You’ve see this before. The years of gravity, storm, and decay have taken their toll. But, there it is . . . still. Still standing – and with amazement we wonder how? This is a small farm on the outskirts of town where I live in Northern Illinois. I took this photo yesterday afternoon (May 29, 2016). For all those who are striving hard in this life to not lose hope in all that Christ is for us, this is how our hearts often feel. The apostle Paul said it this way:
“But we have this treasure in jars of clay, to show that the surpassing power belongs to God and not to us. We are afflicted in every way, but not crushed; perplexed, but not driven to despair; persecuted, but not forsaken; struck down, but not destroyed; always carrying in the body the death of Jesus, so that the life of Jesus may also be manifested in our bodies” – 2 Corinthians 3:7-10.
I think of my parents, for example, when I see this barn still standing against the backdrop of a standing tall silo. True, one day the old corn crib will give way to time – but not without displaying to all who see her that there is a humbling beauty in the way that she persevered to the end; that’s not only true of my parents, but all lovers of Jesus Christ who also persevere through various bodily afflictions, against addictions and idolatries of possession and wealth, and other losses of sorts. Mostly everyone endures great hardship in this life, for sure. But enduring hardship while saying “Jesus is worth it” is different. The treasure in this old earthly jar of dust is an affection to know Christ more deeply through suffering than through ease. Then, when others see how you still love Jesus, though you suffer, the “power” that explains your endurance is not from you but from God.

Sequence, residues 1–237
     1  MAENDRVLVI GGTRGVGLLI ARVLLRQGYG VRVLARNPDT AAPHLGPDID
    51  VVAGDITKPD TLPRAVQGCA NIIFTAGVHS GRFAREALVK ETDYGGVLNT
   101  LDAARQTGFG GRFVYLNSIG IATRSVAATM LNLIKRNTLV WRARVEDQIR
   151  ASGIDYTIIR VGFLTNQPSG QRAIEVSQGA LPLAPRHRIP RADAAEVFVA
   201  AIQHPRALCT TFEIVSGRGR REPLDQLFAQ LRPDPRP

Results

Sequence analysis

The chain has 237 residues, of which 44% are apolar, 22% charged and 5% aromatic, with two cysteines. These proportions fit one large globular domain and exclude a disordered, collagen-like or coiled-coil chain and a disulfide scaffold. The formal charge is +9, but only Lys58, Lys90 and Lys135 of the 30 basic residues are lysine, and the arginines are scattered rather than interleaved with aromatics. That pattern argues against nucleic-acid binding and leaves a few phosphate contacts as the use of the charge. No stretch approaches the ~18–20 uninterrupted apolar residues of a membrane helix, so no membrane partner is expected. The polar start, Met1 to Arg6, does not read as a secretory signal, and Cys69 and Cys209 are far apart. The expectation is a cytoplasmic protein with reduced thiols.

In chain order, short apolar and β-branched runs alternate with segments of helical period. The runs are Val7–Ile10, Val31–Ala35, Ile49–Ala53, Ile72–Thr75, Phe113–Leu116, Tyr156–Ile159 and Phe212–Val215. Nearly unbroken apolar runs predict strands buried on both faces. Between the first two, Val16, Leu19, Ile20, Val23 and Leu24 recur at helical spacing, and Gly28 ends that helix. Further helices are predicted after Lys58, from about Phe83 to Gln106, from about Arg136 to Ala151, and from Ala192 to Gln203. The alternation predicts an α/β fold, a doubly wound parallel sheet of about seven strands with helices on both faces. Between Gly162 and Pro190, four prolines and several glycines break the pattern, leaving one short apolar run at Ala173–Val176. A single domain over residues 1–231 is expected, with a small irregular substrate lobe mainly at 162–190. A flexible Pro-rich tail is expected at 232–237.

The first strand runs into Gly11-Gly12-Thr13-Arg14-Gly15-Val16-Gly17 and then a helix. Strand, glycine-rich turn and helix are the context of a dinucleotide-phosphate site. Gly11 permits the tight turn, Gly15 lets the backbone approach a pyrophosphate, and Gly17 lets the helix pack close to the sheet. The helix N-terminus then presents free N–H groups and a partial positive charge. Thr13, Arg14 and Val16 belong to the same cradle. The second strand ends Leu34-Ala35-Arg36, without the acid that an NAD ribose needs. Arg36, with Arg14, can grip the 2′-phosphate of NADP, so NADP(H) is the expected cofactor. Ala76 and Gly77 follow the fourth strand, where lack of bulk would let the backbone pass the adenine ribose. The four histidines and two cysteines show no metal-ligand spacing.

What does it mean then to carry in our bodies “the death of Jesus” so that his life can be seen by others?
It is our willingness to not live for ourselves but for others, sacrificially giving our lives away because Jesus gave his life away for you. And that is his life. The life of Jesus is a sacrificial one, for he did not come to be served, but to serve, and to give his life as a ransom for many (Mark 10:45). Jesus died so that we would be free from the destructive enslavement of living for self (2 Cor. 5:15). And when the world insults, mocks, and threatens for putting Christ first, our response is with courtesy and good deeds (Titus 3:1-3; 1 Peter 2:9-17).
If you are tempted to give in because you feel that you don’t have the power to go on, then that is why you are tempted. It wasn’t in your power at all that brought you this far. Don’t believe for a second that it has been your will-power of self-determination that has been sustaining you. Look again to Christ – and see again that his grace has been sufficient and will be so for as long as he chooses to keep you standing, even if it is nearly touching the ground!